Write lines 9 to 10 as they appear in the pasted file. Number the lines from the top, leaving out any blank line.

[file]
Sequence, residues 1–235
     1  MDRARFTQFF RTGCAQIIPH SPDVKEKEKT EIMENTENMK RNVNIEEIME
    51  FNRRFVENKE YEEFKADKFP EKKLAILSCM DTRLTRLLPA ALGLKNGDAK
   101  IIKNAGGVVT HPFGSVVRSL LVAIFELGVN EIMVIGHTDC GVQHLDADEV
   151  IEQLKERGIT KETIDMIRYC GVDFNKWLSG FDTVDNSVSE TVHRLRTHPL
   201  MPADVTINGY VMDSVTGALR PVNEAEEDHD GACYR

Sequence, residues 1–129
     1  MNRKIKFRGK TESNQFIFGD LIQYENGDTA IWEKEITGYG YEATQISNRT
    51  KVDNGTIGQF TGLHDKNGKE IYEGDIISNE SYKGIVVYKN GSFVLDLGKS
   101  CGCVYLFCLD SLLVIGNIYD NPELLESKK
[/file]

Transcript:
    51  KVDNGTIGQF TGLHDKNGKE IYEGDIISNE SYKGIVVYKN GSFVLDLGKS
   101  CGCVYLFCLD SLLVIGNIYD NPELLESKK